Am I qualified to take a yoga teacher training course?

By Jade Lizzie | Published: November 28, 2016

I’ve had a lot of people ask me whether they should do yoga teacher training. They’re curious about when they’ll be ready and how they’ll know, but there’s not a one-size-fits-all answer.

First, most yoga teacher training courses do not ask for any on-paper qualifications. They are likely to assess your suitability for their course through an application form or a personal statement, and you may need to provide references from your own yoga teacher. Some will interview, some will not, and some may want to check your fluency in the language of instruction. Expect to answer questions about the style of yoga you practice, the duration and regularity of your practice, as well as your motivation for taking yoga teacher training.

What they are assessing is your readiness to start the course, as well as your passion for yoga. They’re not looking for you to already know everything there is to know, but they do need to make sure you’re not a beginner and not just signing up for the course on a whim. They’ll want to see evidence of your longer term commitment to yoga.

Really, the question of whether you’re qualified to take a yoga teacher training course is one that you are best qualified to answer. Leaving out any of the logistics, financial and practical considerations (which also need careful thought), and purely focusing on whether you are qualified to take the course, try asking yourself the following questions:

  1. How secure am I in my own yoga practice? Do you have a consistent home practice? This isn’t about being able to do the most advanced asanas, or hold a one-handed handstand for five minutes. It’s about knowing, through experience, how yoga feels on the inside. What we share with others, we must know and feel first in our own bodies.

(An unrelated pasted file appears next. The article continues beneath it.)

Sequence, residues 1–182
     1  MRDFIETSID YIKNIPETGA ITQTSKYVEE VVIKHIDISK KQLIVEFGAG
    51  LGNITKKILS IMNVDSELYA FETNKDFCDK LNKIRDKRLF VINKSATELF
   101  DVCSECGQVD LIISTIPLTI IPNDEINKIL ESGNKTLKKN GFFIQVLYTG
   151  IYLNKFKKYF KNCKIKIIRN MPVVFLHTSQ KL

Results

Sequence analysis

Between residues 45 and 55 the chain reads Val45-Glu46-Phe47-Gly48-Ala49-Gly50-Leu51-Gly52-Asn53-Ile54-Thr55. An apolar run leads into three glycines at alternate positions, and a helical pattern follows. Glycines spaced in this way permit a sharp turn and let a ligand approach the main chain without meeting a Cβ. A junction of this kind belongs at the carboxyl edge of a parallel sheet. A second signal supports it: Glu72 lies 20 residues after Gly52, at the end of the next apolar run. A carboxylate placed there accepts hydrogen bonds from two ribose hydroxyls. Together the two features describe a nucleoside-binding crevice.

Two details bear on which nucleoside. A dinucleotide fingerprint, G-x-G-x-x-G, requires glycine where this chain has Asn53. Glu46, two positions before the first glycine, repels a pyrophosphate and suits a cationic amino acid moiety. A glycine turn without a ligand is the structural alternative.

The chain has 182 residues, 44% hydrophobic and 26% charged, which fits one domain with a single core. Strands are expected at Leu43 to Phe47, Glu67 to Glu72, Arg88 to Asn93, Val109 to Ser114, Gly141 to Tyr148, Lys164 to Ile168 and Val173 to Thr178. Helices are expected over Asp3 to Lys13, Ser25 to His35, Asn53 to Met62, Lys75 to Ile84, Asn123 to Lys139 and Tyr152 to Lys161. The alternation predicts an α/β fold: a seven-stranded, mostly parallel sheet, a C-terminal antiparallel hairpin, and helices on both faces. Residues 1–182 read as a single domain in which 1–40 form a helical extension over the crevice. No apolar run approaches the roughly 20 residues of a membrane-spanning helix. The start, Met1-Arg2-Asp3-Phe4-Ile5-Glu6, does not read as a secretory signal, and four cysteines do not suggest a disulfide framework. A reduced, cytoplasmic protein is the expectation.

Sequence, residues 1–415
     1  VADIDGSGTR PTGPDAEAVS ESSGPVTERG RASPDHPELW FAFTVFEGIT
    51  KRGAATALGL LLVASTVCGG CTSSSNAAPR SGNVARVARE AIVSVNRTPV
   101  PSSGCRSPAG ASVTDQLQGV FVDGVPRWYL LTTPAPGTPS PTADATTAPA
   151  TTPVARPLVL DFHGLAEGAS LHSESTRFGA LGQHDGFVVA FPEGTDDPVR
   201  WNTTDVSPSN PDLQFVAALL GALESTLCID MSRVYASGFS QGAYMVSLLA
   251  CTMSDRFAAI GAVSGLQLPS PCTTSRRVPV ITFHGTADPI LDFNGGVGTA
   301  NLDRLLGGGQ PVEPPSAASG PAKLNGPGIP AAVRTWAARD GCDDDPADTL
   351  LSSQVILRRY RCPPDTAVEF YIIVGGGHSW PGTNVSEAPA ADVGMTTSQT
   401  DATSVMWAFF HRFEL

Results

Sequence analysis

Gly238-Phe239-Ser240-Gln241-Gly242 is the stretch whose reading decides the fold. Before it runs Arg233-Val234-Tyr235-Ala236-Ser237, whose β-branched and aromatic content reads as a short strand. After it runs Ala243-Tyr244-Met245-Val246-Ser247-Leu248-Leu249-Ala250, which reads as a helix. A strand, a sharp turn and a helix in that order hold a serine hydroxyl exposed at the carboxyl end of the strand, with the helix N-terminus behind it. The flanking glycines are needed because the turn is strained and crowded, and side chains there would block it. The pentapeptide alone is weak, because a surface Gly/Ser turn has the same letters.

2. How secure am I in my own knowledge of the style of yoga I am training to teach? You’re not expected to come to a yoga teacher training course already knowing everything: you are there to learn. But if you don’t know the names of key postures and every day of your training is full of unfamiliar content, you’re unlikely to get the most out of it.
  3. How do I feel about sharing the practice of yoga with others? This is probably the single most important consideration. If you are taking the yoga teacher training with even a vague idea of actually teaching in the future, check in with yourself and see how you feel about it. Feeling some trepidation or nervousness is perfectly fine and even healthy — after all, to teach is a great responsibility — but if the thought of sharing the practice of yoga fills you with absolute horror, perhaps you’re not quite there yet. (To help answer this question, try a Guided Meditation for Finding Your Life’s Purpose.)

Remember, you’re just considering whether you’re ready to start the training. Your course will almost undoubtedly take you on a steep learning curve, so don’t worry — you don’t need to be the “finished product” on the first day. It will definitely help, however, if you feel secure in your own yoga practice, secure in your own knowledge of yoga and excited by the prospect of sharing your practice with others.

Keep in mind that once you’re officially “qualified” at the end of your teacher training, you may not yet feel like a bona fide yoga teacher. That’s okay. You’re still learning and will continue to do so throughout your yoga teaching career. Be open to continual learning, receptive to feedback and reflective on your development. You’ll find that in teaching yoga, as in life, it’s the experience and the learning that matters far more than the qualifications. (Read on in 5 Qualities of a Good Yoga Teacher.)


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Written by Jade Lizzie | Yoga teacher, writer and health and wellness geek.

Jade Lizzie

Jade is a yoga teacher, blogger and health and wellness geek. Her mission is to share the happiness that yoga has brought into her life.

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